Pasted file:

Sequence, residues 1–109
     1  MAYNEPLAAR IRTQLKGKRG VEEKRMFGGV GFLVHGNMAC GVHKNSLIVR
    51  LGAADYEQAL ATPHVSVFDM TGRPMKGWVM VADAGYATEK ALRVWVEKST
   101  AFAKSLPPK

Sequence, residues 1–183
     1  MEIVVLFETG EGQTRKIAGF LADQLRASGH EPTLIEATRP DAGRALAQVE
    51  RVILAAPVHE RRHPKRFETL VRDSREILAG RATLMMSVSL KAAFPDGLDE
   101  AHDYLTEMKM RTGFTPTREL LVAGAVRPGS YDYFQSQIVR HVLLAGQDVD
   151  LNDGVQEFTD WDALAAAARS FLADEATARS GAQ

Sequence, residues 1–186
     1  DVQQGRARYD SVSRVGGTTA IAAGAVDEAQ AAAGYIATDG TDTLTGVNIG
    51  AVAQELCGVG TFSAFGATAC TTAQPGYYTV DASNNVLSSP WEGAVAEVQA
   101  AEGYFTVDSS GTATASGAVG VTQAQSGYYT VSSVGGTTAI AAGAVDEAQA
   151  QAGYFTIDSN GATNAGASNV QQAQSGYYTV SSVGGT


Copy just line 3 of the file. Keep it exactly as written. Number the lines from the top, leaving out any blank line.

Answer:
    51  LGAADYEQAL ATPHVSVFDM TGRPMKGWVM VADAGYATEK ALRVWVEKST